THE BLOG
11/27/2012 06:39 pm ET Updated Jan 27, 2013

Direct Ways to Get More Reviews, Blissful Travel and Great Clients

With so many business people writing books, accepting out-of-area speaking engagements, and seeking more ideal clients (that is, clients who are a pleasure to work with and pay well), time is of the essence. With that in mind, below are three common wishes for today's busy entrepreneurs, and tips for making them come true with minimal effort.

1) Getting more book reviews on Amazon or customer reviews on Google:
Mike Michalowicz, business guru and author of The Pumpkin Plan, gives the following formula for authors who are seeking more book reviews on Amazon. Michalowicz claims that a large number of reviews can help you sell books, for two reasons. First, reviews get you noticed, and good reviews can help sell your book. Believe it or not, even a bad review or two could help. The one-star reviews tend to arouse controversy and curiosity... and call attention to your book. As of Nov. 25, 2012, Michalowicz has 423 reviews for his first book, The Toilet Paper Entrepreneur, and 105 reviews for his latest, The Pumpkin Plan.

1) Click on your book on Amazon and scroll down to "Customers who bought this item also bought."
2) Go to the customer profiles of the people who have reviewed these other (competing) books. Most of the time, the person has listed an email address in his or her profile. Sometimes, the customer's full name and address are listed.
3) Email or snail mail them and tell them you saw their review of "so and so's" book. Ask them if they would also review your book if you send them a free, signed copy.

Local businesses can adapt this concept to get customer reviews on Google Places:
1) Look up reviews for other local businesses in your area that serve your target market.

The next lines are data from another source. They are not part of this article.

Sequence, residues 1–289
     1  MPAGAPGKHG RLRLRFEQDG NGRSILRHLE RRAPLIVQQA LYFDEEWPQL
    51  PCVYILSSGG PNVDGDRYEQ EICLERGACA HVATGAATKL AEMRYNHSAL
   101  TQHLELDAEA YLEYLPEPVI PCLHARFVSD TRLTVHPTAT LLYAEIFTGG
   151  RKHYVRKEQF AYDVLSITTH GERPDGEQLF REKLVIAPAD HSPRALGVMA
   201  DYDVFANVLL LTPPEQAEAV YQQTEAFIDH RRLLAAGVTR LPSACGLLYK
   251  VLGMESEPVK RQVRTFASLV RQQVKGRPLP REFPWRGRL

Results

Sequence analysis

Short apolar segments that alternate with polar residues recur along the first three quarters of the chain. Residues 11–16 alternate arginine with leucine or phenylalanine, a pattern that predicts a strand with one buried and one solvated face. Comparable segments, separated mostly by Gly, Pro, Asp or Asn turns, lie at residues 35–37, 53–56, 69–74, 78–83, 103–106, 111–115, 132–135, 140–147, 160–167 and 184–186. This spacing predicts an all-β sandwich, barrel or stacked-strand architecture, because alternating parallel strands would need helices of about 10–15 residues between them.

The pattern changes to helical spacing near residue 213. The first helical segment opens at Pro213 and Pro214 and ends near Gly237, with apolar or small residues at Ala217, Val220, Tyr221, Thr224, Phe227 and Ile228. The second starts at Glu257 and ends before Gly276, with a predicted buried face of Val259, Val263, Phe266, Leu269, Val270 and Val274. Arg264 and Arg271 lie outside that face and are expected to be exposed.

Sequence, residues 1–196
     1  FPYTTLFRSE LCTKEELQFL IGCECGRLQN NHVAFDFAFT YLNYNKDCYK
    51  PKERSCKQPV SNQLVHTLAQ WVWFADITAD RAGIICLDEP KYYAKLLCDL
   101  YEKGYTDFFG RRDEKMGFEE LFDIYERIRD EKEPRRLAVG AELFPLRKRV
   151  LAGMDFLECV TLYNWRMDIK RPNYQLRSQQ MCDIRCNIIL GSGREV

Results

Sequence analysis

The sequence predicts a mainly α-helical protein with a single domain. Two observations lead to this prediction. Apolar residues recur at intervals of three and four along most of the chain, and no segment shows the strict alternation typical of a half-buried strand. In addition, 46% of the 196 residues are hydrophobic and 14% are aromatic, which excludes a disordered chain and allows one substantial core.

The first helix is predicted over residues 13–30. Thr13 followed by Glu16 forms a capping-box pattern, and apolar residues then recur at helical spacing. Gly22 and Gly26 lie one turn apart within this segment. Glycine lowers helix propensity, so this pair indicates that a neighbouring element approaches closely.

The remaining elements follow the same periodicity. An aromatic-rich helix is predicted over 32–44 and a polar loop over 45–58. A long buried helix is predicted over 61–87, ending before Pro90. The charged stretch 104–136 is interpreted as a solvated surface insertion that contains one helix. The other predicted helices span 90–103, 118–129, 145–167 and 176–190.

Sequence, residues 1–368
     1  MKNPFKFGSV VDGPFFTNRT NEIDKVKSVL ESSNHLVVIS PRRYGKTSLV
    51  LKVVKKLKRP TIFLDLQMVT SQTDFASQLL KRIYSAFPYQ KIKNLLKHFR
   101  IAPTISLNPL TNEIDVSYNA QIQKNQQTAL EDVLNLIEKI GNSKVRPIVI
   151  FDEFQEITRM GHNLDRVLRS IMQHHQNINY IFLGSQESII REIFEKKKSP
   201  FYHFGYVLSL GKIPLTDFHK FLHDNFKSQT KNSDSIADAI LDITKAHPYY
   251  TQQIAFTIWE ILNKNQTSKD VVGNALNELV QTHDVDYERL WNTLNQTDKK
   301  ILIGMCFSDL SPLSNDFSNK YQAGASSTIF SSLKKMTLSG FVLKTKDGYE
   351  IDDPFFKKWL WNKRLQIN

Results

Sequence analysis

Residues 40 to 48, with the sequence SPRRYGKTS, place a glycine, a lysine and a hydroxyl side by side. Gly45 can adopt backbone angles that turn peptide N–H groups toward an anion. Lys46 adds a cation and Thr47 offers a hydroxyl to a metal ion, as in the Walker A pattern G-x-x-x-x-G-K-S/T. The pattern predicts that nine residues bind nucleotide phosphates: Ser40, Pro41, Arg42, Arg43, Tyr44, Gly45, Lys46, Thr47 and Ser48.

2) Invite these reviewers to sample your service or product and write an honest review.

2) Traveling for business efficiently and stress free:
Chris Guillebeau, author of the NY Times bestselling book The $100 Startup, has visited almost every country in the world before the age of 35. He gives the following tips:

• Strive to get elite status at the very top tier on an airline by staying loyal to that airline and following the appropriate guidelines. Guillebeau states, "Once you achieve elite status with one carrier, you can often leverage it into elite status with competing carriers through status matches." Elite status on airlines at the top tier can award you free flights, complimentary first class upgrades and premium seating, and can save you time and aggravation when boarding and exiting the plane.
• Never check bags. Carry-on only, always.
• Get work done in 10-minute segments. Make the best use of your waiting and commuting time. Post on social media, use Gmail offline and clear your inbox during the flight, and write your emails. You don't have to wait for a whole focused hour to get things done.

3) Meeting "THE" person who could refer your services or become your client:
I've observed that many people, when faced with the daunting task of meeting the strategic partner or client of their dreams, waste a lot of time in inertia. To get moving, I suggest using my "quick and easy" formula for meeting the right people:

1. Try not to think about getting hired, endorsed or referred. Instead, invest your time in the relationship with NO expectation. This is totally counter-intuitive, but you have to let go of your business agenda so you don't feel needy or come across as desperate.

2. Help them. Here are some great ways. You decide what fits:
• Compile a list of "preferred partners" and use it to refer your clients. When you go to meet possible strategic partners (e.g., you're a yoga instructor and you want to meet reputable physical therapists), call them up, meet them, add them to your list, and start referring clients to them. Don't settle for a brochure or an office email from your potential referral partner.
• Think of a "business match made in heaven" for them. Call or email their office and ask if you can introduce them to one another; over lunch is ideal, but email works too. Example: pair a title agency owner with a real estate attorney. Or pair a mechanic with an auto-body specialist. Then follow up to see how the relationship is going.
• Find a way to help them get exposure or visibility.
• Volunteer at their charity events.

I hope you've found these tips to be helpful. Please feel free to comment below and share great business ideas you've discovered on your own. Wishing you freedom and success in business.

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